Tipos de injertos óseos

Autogenous Bone Grafts

Autogenous bone grafts, also known as autografts, are made from your own bone, taken from somewhere else in your body. The bone is typically harvested from the chin, jaw, lower leg bone, cadera, or the skull. Autogenous bone grafts are advantageous in that the graft material is live bone, meaning it contains living cellular elements that enhance bone growth.

Sin embargo, one downside to the autograft is that it requires a second procedure to harvest bone from elsewhere in the body. Depending on your condition, a second procedure may not be in your best interest.

Allogenic Bone

Allogenic bone, or allograft, is dead bone harvested from a cadaver, then processed using a freeze-dry method to extract the water via a vacuum. Unlike autogenous bone, allogenic bone cannot produce new bone on it’s own. Rather, it serves as a framework or scaffold over which your own bone from the surrounding bony walls can grow to fill in the defect or void.

Xenogenic Bone

Xenogenic bone is derived from non-living bone of another species, usually a cow. The bone is processed at very high temperatures to avoid the potential for immune rejection and contamination. Like allogenic grafts, xenogenic grafts serve as a framework for bone from the surrounding area to grow and fill the void.

Both allogenic and xenogenic bone grafting are advantageous in that they do not require a second procedure to harvest your own bone, as with autografts. Sin embargo, because these options lack autograft’s bone-forming properties, bone regeneration may take longer than with autografts, with a less predictable outcome.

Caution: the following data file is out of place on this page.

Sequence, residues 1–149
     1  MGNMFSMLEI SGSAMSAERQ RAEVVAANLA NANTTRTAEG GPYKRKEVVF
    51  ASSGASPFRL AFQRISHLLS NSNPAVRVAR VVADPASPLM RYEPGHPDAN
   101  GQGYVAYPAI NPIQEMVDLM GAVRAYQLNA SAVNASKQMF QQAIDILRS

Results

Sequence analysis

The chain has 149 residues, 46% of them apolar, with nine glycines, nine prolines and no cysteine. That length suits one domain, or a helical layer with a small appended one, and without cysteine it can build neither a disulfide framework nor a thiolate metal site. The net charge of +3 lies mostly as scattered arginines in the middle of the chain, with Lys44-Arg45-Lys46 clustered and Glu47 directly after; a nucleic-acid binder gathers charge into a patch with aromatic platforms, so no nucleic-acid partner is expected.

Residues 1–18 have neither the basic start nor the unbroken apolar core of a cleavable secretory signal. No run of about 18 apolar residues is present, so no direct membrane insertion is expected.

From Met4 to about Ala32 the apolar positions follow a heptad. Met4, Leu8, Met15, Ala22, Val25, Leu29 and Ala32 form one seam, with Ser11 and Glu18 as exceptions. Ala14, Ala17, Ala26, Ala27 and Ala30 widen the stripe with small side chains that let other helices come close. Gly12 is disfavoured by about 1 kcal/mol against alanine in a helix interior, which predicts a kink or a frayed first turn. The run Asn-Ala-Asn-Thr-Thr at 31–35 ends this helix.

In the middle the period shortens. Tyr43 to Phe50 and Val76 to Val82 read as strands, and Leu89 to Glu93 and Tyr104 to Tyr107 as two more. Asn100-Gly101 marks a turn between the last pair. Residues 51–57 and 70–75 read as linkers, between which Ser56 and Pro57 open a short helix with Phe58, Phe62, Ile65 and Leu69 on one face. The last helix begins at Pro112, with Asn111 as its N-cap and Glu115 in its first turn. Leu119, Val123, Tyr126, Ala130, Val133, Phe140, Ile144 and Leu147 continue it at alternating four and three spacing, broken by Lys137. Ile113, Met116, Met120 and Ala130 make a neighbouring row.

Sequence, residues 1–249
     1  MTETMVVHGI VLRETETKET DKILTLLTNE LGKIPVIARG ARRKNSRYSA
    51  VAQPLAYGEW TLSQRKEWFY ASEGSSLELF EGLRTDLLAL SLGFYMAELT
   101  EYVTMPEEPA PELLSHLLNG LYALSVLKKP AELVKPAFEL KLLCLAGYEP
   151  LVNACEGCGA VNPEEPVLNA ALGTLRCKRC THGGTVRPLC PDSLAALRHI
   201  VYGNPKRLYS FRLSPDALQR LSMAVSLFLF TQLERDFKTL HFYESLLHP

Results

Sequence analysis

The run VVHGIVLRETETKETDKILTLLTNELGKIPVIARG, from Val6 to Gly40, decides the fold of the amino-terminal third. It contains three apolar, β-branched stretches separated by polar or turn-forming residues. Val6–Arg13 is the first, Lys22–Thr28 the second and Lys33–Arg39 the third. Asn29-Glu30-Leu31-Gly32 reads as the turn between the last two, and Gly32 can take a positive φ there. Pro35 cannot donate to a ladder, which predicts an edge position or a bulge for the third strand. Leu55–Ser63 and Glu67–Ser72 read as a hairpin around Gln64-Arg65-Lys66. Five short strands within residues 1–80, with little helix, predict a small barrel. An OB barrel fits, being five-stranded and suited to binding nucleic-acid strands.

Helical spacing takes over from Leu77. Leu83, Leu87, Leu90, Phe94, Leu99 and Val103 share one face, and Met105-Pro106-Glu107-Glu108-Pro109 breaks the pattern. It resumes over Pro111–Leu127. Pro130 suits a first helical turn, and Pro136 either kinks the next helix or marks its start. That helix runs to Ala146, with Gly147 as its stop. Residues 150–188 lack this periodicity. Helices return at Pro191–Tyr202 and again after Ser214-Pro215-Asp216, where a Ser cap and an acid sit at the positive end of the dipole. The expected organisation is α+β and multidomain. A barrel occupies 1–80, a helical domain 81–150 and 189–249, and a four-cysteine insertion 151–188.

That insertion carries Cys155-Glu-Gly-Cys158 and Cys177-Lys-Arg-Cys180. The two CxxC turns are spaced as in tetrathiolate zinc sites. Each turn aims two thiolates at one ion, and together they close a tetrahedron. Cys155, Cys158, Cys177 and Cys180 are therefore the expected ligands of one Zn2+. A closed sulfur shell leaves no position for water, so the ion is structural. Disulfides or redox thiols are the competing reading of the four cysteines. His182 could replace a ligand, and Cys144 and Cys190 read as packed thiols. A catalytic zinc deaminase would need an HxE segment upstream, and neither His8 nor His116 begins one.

Bone Graft Substitutes

As a substitute to using real bone, many synthetic materials are available as a safe and proven alternative, incluyendo:

Demineralized Bone Matrix (DBM)/Demineralized Freeze-Dried Bone Allograft (DFDBA)

This product is processed allograft bone, containing collagen, proteins, and growth factors that are extracted from the allograft bone. It is available in the form of powder, putty, chips, or as a gel that can be injected through a syringe.

Graft Composites

Graft composites consist of other bone graft materials and growth factors to achieve the benefits of a variety of substances. Some combinations may include: collagen/ceramic composite, which closely resembles the composition of natural bone, DBM combined with bone marrow cells, which aid in the growth of new bone, or a collagen/ceramic/autograft composite.

Proteínas morfogenéticas de hueso

Bone morphogenetic proteins (BMPs) are proteins naturally produced in the body that promote and regulate bone formation and healing.

Synthetic materials also have the advantage of not requiring a second procedure to harvest bone, reducing risk and pain. Each bone grafting option has its own risks and benefits. Dr. Steven Williams o Dr. Harley Williams will determine which type of bone graft material is right for you.